The early travelers to the Alps were greatly inspired by the pristine beauty of what they saw, and from their inspiration sprang the modern popularity of the Alpine region. With popularity, however, came growth; and the impact of so many people caused a steady degradation of the Alpine environment beginning in the mid-20th century. This has resulted in air of poorer quality; water pollution in rivers and lakes; a rise in noise pollution; slope erosion caused by the construction of ski slopes and roads; dumping of solid and organic waste; erosion from the quarrying of rock, sand, and gravel for construction; and forests weakened by acid rain. Slowly, the unique landscape and flora of the Alps that so inspired the early travelers is being irrevocably altered.

      Most conspicuous, perhaps, is the obvious transformation of the landscape. The main river valleys have been converted into linear conurbations of concrete and asphalt; and, in order to accommodate the expanding tourist trade, many villages in the higher lateral valleys have taken on the character of lowland suburbs. A highly visible result of this growth is the serious decline in air quality. Pollution from factories adds to that from home heating and motor vehicle exhausts, the situation aggravated by temperature inversions and weather conditions that often produce little wind. Many of the larger Alpine cities experience severe local air pollution, and some of the valleys can be filled with impure air for weeks at a time.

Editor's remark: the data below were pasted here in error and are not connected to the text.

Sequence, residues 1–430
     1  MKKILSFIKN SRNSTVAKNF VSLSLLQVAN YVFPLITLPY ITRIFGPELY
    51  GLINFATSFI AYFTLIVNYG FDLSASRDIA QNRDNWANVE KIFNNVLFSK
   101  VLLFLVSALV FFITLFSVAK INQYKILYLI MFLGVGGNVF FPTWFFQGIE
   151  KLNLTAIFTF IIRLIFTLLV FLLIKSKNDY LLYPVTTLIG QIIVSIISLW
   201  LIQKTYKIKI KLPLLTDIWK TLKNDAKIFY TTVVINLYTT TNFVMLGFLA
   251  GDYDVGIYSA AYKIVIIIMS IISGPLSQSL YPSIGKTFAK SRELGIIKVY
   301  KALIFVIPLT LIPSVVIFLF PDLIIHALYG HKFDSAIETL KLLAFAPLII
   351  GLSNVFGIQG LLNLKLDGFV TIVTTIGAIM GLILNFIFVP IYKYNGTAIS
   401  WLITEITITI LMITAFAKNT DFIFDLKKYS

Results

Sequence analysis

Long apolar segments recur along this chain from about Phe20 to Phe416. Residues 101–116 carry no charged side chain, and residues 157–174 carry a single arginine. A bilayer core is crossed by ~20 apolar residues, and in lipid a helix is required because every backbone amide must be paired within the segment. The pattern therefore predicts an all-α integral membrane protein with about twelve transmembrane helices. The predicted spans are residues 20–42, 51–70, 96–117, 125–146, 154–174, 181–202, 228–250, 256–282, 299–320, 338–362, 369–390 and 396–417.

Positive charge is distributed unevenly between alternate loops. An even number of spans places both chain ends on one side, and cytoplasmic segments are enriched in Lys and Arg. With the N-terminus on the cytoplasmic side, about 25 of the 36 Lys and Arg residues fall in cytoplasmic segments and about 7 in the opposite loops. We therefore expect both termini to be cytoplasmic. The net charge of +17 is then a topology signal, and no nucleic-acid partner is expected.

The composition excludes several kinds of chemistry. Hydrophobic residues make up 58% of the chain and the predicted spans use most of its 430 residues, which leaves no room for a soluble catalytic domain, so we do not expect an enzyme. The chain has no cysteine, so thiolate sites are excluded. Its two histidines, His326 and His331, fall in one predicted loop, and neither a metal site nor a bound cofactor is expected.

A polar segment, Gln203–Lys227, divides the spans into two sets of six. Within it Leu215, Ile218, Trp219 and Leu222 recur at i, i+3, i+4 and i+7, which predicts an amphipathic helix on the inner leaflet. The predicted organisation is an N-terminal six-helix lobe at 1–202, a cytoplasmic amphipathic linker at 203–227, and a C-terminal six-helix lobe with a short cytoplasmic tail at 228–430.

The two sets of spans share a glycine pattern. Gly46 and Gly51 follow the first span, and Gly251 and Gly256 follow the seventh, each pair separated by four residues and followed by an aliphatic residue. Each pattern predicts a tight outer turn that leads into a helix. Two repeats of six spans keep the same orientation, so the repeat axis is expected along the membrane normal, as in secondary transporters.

The people

      Humans have been living in the Alps since Paleolithic times, 60,000 to 50,000 years ago. They hunted game and left their artifacts in various sites from the Vercors near the Isère valley in France to the Lieglhohle above Taupliz in Austria. After the retreat of the Alpine glaciers, 4,000 to 3,000 years ago, the valleys were inhabited by Neolithic peoples who lived in caves and small settlements, some of which were built on the shores of the Alpine lakes. Sites have been discovered near Lake Annecy, along the shores of Lake Geneva, in the Totes Mountains in Austria, and in the Aosta and Camonica Valleys in Italy. The latter valley is noted for some 20,000 rock engravings that leave an invaluable picture of more than 2,000 years of habitation.

      From 800 to 600 BC Celtic (Celt) tribes attacked the Neolithic encampments and forced their inhabitants into the remote valleys of the Alps. In the west the area around the juncture of France, Switzerland, and Italy was occupied by the Celts; the modern urban centres of the region, including Martigny, Switz., Aosta, Italy, and Grenoble, Fr., owe their origin to these people. The Celts also penetrated the valleys of Graubünden canton in eastern Switzerland, but the great centre of Celtic culture was found at Hallstatt, the site of a small settlement in Upper Austria. Because of rich archaeological finds there the name Hallstatt has become synonymous with the late Bronze and early Iron ages in Europe, a period dating from about 1000 to 500 BC. The Celts began to open the high Alpine passes for trade routes.